Monday, November 30, 2015

Roadside Prophets

(R, Fine Line Features, 96 mins., theatrical release date: April 3, 1992)

Stranded at the intersection of Easy Rider and Repo Man is where you'll find Roadside Prophets, a cross-generational shaggy dog story which fires all of its guns at once yet never explodes into space.

Abbe Wool, co-writer of Alex Cox's sophomore gem Sid & Nancy, makes her feature debut here and is clearly bucking for a quirky social satire on the level of Cox's earlier film, which was simultaneously one of the funniest and most far-out movies of its decade. She doesn't quite reproduce Cox's outsider wit and cohesion, leaving Roadside Prophets to eat the dust of that intergalactic '64 Chevy Malibu.

Compared to the last tragically hip indie project on my reviewing log, Inside Monkey Zetterland, Wool's film is not without some welcome detours.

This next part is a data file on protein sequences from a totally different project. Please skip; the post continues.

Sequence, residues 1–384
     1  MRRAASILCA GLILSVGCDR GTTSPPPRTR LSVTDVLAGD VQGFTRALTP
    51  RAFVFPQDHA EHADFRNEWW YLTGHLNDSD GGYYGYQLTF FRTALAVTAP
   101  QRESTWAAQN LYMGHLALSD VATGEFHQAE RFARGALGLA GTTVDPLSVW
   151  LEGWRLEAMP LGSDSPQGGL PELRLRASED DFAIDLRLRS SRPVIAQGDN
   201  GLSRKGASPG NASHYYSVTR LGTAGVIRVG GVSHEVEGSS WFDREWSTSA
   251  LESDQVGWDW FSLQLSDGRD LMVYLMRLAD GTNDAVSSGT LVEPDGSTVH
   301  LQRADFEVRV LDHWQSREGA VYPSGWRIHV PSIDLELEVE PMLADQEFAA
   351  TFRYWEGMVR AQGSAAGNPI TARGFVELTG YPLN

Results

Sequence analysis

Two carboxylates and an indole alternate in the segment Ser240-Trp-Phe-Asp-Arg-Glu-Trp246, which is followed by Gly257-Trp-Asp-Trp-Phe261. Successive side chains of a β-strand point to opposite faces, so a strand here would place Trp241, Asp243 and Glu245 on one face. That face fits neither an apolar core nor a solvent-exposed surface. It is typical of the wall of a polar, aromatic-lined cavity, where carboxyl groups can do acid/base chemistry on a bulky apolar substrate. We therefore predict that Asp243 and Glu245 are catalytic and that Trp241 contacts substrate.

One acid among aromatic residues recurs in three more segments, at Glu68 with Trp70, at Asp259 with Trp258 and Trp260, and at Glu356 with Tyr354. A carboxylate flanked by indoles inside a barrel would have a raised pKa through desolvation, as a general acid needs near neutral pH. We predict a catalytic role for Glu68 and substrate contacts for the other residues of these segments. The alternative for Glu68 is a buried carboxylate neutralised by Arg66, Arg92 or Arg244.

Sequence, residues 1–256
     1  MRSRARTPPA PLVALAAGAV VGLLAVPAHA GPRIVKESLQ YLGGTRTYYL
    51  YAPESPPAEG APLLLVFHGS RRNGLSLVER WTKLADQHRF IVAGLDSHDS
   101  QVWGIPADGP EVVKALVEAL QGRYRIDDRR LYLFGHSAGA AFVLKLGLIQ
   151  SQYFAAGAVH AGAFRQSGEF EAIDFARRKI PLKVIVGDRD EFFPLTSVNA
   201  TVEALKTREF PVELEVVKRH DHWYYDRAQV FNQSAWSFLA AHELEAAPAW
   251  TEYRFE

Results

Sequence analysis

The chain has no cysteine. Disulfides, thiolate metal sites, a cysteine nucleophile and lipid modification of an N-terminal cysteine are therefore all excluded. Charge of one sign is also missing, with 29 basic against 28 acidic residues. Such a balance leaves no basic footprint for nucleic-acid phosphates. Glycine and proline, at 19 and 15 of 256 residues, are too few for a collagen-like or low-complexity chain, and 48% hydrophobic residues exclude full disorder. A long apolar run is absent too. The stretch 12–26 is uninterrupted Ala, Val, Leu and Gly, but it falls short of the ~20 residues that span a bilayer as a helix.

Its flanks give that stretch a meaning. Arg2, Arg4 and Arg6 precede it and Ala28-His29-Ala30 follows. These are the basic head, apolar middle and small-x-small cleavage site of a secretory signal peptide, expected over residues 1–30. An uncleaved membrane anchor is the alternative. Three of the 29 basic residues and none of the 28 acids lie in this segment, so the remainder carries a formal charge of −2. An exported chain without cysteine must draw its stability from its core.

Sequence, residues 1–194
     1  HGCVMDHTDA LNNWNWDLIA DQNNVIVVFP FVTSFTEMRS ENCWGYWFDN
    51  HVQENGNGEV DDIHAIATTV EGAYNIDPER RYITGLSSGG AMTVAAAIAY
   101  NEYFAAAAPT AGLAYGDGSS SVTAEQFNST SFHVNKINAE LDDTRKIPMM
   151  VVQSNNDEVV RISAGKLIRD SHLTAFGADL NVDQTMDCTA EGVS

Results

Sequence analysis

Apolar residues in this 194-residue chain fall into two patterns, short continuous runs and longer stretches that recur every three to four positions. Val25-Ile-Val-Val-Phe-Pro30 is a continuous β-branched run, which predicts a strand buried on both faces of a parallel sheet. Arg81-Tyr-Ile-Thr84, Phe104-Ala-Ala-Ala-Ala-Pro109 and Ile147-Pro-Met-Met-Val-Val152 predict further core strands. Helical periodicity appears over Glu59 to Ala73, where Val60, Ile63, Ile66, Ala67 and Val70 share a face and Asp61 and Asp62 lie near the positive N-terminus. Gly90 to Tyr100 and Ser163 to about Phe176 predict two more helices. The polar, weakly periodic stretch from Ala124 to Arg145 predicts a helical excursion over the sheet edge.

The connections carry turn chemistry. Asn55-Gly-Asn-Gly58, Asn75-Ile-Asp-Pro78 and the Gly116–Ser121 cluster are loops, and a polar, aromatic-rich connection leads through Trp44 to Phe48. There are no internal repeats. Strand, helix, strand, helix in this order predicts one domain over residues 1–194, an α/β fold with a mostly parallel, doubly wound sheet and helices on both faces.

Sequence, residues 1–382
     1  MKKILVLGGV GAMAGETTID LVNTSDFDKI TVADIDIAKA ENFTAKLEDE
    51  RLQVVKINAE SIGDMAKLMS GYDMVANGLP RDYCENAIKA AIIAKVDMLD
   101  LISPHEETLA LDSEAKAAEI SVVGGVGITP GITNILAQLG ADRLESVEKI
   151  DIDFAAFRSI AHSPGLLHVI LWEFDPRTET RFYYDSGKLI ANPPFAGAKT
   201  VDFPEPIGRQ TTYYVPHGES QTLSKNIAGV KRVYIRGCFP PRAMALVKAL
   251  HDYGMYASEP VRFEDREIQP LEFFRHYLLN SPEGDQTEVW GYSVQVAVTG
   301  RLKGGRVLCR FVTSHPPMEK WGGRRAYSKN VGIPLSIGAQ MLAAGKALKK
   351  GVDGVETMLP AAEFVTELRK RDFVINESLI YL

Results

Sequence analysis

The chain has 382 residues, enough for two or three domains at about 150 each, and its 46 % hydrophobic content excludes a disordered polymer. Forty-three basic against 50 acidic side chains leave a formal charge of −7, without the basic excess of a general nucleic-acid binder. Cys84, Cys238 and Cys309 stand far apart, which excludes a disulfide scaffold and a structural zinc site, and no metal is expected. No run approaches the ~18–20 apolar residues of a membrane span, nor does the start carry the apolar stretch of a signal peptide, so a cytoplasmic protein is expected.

First and foremost is the casting of John Doe and Adam Horovitz, respectively of X and the Beastie Boys. As a devout fan of both acts, these punk rock icons carry their personalities from the stage to screen with integrity. Doe seems to be inhabiting the working class zero he once drawled about in "The Have Nots," the closing track from his flagship band's 1982 album Under the Big Black Sun. Meanwhile, the ever-adenoidal Horovitz is playing the fool in a broad reprisal of the troubled teen role with which he made his acting debut in 1989's Lost Angels.

Doe is literally an average Joe, as in Joe Mosely, whose Harley chopper is the only thing that gets him through life as a factory employee still paying thousands in alimony. Joe's used to the routine of cold coffee and hazardous conditions after six years of slaving, but has mercy on first-day coworker Dave Coleman (David Anthony Marshall). The two immediate friends ride out to a strip joint for refreshment, but Dave is distracted by an arcade machine which just as promptly ends their union.

Joe takes it upon himself to have the deceased Dave cremated and embark on a pilgrimage to what he misconstrues as the Nevada town of El Dorado, home of Dave's favorite casino. With the help of a faceless personnel clerk, Angie, who pesters him for a date in exchange for covering up his absence from work, Joe hits the road but keeps running afoul of a reckless boy who walks across rooftops with Roman candles in his hands, trailing Joe every mile of the journey.